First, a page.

lea ($200001).l,a1 ; start of SRAM
    move.w ($FFFFFE10).w,d0 ; get zone and act


    move.w d0,0(a1)



    vs.



    lea ($200001).l,a1 ; start of SRAM
    move.w ($FFFFFE10).w,d0 ; get zone and act


    movep.w d0,0(a1)



    Suppose we're in SBZ 3, i.e. the value of $FFFFFE10 is $0501. With a normal move, the $05 is transferred to $200001 and the $01 is transferred to $200002. With a movep, the $05 is transferred to $200001 and the $01 is transferred to $200003. Another example:



    lea ($200001).l,a1 ; start of SRAM
    move.l #$12345678,d0 ; just a random value


    move.l d0,0(a1)



    vs.



    lea ($200001).l,a1 ; start of SRAM
    move.l #$12345678,d0 ; just a random value


    movep.l d0,0(a1)



    With a normal move, the SRAM will look like this:



    Address: $200001 $200002 $200003 $200004
    Value: $12 $34 $56 $78



    With a movep, the SRAM will look like this:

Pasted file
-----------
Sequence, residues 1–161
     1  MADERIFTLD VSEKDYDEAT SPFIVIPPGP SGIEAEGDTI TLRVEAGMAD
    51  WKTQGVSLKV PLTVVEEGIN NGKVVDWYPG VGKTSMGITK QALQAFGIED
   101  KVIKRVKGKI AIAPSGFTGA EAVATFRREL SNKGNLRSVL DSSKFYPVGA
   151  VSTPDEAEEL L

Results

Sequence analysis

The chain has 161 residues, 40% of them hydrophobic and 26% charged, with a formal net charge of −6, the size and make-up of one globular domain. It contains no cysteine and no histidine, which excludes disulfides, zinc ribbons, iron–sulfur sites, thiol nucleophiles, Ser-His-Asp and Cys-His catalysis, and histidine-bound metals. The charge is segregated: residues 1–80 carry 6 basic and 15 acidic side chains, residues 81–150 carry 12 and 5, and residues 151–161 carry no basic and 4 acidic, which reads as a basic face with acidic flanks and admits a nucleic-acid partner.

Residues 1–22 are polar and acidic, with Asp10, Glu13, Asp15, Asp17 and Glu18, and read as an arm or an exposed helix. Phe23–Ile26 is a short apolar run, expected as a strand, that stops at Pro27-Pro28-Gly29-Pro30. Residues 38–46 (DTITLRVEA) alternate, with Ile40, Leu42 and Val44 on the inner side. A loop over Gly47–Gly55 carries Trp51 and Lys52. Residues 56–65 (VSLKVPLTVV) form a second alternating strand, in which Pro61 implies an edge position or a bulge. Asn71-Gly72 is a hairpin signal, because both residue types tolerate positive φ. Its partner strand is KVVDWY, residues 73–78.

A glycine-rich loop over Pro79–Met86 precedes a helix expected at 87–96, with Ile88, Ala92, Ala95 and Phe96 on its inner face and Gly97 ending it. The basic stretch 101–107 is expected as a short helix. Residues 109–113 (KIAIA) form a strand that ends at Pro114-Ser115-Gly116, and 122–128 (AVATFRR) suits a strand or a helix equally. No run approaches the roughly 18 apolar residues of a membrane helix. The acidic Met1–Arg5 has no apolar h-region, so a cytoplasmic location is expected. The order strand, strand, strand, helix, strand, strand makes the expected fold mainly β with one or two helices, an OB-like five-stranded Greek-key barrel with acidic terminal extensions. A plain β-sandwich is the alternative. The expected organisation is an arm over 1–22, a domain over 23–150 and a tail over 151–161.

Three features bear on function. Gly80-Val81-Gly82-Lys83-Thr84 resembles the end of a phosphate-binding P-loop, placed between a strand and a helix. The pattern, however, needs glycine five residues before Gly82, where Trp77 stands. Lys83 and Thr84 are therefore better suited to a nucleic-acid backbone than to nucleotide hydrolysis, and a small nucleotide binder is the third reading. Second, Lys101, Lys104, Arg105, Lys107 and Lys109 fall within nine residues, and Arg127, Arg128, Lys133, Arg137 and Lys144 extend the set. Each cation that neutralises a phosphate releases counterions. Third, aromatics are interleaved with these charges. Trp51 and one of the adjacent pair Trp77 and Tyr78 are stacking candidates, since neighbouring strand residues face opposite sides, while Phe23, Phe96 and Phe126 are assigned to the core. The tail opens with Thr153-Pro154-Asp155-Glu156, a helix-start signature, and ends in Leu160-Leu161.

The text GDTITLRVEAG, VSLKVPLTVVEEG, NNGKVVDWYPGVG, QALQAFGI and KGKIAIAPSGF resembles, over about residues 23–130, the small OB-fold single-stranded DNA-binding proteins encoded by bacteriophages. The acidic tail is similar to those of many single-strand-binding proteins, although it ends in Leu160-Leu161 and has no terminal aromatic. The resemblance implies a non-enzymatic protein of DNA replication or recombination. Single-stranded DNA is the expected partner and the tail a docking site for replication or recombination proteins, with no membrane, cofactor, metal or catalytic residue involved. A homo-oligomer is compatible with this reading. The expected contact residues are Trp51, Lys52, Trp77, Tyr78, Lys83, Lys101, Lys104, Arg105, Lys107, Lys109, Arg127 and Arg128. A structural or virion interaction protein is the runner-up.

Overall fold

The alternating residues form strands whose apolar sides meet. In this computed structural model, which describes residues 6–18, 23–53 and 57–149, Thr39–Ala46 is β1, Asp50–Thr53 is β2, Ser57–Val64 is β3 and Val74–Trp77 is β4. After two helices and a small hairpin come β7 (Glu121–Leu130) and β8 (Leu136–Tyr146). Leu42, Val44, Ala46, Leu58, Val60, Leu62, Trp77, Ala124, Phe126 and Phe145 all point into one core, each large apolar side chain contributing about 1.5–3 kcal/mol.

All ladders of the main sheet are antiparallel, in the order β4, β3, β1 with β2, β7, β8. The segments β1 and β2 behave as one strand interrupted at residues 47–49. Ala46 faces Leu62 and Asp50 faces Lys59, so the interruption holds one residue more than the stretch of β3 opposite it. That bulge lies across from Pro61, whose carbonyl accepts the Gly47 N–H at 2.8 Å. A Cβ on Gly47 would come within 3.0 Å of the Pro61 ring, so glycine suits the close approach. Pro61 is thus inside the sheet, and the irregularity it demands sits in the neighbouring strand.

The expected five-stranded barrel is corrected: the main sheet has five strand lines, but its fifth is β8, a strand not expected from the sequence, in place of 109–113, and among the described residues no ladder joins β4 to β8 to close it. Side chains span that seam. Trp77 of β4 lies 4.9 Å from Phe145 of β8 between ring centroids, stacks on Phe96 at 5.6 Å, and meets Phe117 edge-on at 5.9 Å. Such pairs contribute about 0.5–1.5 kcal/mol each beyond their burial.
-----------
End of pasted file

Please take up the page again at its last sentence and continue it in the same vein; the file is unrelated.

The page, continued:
Address: $200001 $200003 $200005 $200007
    Value: $12 $34 $56 $78



    See how it works? If a movep transfer starts off from an odd address it takes place to odd addresses only, which is exactly what we want for SRAM. The reverse process happens when you read from memory - bytes are read from every alternate memory address instead of consecutive ones. So if the SRAM has the layout described above and we do



    lea ($200001).l,a1 ; start of SRAM
    movep.l 0(a1),d0



    we get $12345678 in d0.

    Taken from the Genesis software manual:


    If you break down that longword into its individual bytes, they're 'RA',%1x1yz000,%00100000. x is 1 if it's backup RAM and 0 for non-backup RAM. yz are 10 for even-only SRAM and 11 for odd-only SRAM (I believe all flash carts are odd-only). The ASCII codes for 'RA' are $5241. Our RAM is backup RAM so x is 1, and it's odd-only so yz are 11. So the next two bytes become %11111000 and %00100000, or $F820 in hex. Combine the two and you get $5241F820.
     
  11. theocas

    theocas #! Member

    Joined:
    Apr 10, 2010